WINSTON-SALEM, N.C. – New research in monkeys suggests that a diet high in soy could be good for the hearts and bones of premenopausal women. The findings from two separate studies conducted at Wake Forest University Baptist Medical Center were reported today at the annual meeting of the North American Menopause Society in Washington, D.C.
The results suggest that for cholesterol and bone density, the natural plant estrogens in soy may be most effective in conjunction with the body's own estrogen – which would make it especially potent in women who haven't reached menopause. They also point to the possibility the estrogen-soy synergy could have other benefits as well.
In one study, Jay Kaplan, Ph.D., found that monkeys fed a soy-based diet had improved cholesterol levels compared to monkeys who ate a diet of milk and animal protein. The improvement was most pronounced in monkeys who were at highest risk for heart vessel disease.
The researchers measured the ratio of total cholesterol to HDL (high-density lipoprotein) or "good" cholesterol. A lower ratio is considered healthier. In monkeys who were at highest risk for heart disease, the cholesterol ratio decreased by 48 percent compared to the monkeys who didn't eat soy. The lower-risk monkeys that consumed soy had a 33 percent decrease.
Kaplan said a 48 percent drop in the cholesterol ratio would likely equate to a 50 percent reduction in the size of fatty deposits in the arteries, which can cause heart attacks and strokes.
The monkeys deemed at highest risk for heart disease were those with impaired ovarian function because they are the low-status or "subordinate" animals in their group. Monkeys naturally form social hierarchies when they live in groups. In previous research, Kaplan found that the stress of being subordinate impairs ovarian function, which means that lower levels of estrogen are produced. In both monkeys and people, reduced levels of estrogen are associated with increased risk for heart vessel disease.
Kaplan had already shown that providing additional estrogen in the form of birth control pills was effective at reducing atherosclerosis in subordinate monkeys. The current study was to see if soy can serve as a natural alternative to estrogen.
Kaplan said the work could be important to women in several ways.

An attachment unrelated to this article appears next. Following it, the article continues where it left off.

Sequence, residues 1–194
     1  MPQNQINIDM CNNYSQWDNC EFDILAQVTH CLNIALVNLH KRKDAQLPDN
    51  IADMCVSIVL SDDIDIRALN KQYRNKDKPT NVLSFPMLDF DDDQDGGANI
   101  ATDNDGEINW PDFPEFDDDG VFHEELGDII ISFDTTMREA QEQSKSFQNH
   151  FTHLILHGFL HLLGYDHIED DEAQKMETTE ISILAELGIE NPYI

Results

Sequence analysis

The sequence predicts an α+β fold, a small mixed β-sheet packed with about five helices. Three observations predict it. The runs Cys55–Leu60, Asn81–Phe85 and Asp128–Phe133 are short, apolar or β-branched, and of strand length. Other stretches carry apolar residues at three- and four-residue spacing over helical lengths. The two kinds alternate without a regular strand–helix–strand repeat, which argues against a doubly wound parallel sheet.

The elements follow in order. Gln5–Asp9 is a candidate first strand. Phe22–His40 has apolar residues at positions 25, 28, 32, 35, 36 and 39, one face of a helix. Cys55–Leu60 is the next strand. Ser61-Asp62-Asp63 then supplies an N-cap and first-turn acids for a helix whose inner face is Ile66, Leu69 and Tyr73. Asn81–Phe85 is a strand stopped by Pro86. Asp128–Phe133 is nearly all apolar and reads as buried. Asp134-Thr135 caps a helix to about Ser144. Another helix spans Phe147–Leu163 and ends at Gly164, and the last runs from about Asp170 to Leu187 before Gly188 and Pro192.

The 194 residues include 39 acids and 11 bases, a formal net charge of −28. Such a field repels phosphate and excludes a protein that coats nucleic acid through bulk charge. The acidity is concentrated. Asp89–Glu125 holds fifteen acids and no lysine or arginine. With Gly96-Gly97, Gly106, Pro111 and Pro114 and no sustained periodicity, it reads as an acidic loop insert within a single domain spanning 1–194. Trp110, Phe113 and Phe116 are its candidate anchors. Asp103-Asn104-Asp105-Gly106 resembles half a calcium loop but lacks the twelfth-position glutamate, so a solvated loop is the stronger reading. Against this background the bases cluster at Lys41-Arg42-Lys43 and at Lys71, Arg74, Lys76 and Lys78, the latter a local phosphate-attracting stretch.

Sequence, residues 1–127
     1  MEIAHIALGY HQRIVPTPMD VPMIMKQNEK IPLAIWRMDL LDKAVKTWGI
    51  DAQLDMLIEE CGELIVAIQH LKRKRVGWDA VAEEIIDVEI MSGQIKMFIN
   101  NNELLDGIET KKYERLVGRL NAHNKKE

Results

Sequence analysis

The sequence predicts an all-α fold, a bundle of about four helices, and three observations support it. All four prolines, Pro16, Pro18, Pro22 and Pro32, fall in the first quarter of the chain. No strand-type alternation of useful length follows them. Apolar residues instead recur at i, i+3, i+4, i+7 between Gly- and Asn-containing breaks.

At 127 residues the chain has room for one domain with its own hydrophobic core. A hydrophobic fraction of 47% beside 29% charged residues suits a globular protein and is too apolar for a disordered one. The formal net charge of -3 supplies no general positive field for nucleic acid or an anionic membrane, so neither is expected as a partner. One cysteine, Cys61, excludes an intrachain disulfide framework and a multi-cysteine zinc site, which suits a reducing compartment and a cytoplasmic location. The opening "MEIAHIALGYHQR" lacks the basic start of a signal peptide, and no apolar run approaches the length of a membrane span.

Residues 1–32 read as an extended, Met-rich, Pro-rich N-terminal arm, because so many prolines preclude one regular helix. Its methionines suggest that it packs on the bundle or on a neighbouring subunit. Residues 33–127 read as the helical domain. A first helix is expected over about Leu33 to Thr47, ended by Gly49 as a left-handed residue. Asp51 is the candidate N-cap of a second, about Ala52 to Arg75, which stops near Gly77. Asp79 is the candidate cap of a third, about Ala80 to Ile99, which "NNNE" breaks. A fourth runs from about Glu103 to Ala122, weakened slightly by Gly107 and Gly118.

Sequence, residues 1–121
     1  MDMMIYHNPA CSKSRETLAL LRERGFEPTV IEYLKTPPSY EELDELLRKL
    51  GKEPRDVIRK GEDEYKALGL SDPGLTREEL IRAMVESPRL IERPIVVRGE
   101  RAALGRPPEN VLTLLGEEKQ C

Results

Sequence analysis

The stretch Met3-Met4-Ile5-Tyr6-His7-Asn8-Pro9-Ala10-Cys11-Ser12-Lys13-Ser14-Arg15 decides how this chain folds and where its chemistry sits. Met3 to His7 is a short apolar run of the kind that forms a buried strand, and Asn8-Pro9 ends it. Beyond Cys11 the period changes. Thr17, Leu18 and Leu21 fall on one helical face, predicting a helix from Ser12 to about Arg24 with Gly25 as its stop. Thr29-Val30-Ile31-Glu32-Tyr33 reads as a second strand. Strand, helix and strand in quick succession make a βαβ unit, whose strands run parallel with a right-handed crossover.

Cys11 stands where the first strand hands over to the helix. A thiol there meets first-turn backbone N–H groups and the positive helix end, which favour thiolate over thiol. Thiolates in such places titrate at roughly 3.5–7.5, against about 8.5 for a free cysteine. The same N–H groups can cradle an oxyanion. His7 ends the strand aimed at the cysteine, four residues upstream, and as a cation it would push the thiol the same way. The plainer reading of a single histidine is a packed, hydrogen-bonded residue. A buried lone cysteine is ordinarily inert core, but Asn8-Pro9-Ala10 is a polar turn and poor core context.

"Studies have shown that heart vessel disease, or atherosclerosis, begins in the 30s and 40s in women," said Kaplan. "From our work in monkeys, we believe that the time to prevent cardiovascular disease in women is before menopause, not after. Soy seems to provide a potent protection in monkeys, in terms of cholesterol levels, which is a good marker for general cardiovascular risk. We presume the benefit would apply to premenopausal women as well."
In the second study, Cynthia Lees, D.V.M., Ph.D., found that monkeys that consumed soy had an increase in bone mass over the monkeys that didn't consume soy.
"The increase was small, but this is an exciting finding," said Lees, an assistant professor of comparative medicine. "Previous studies in postmenopausal monkeys and women found either no increase or bone loss."
The study raises the question of whether exposure to soy before menopause could help maintain bone mass after menopause. The loss of bone mass that occurs naturally after menopause can lead to osteoporosis and an increased risk of fractures.
Lees said that Japanese women, who consume a diet high in soy throughout life, seem to preserve bone mass better than American women.
"This suggests the possibility that if women consumed soy on a regular basis before menopause, it could benefit their health after menopause," said Lees.
Kaplan said that because the soy-estrogen combination resulted in improvements in both cholesterol and bone, it might also positively affect others areas of the body that estrogen targets, including the brain and arteries.
For both studies, the monkeys were selected to represent women in their 30s and 40s. Half of the monkeys consumed soy with isoflavone levels equal to human intake of about 129 milligrams a day. These levels of isoflavones, which are the plant estrogens in soy, are about two times higher than amounts consumed by many Asians, who typically eat more soy than other populations.
The researchers hope to study whether lower levels of isoflavones, consumed over a longer period of time, would be as effective as the high levels that were taken for 12 months in this study.
Source: Eurekalert & othersLast reviewed: By John M. Grohol, Psy.D. on 21 Feb 2009
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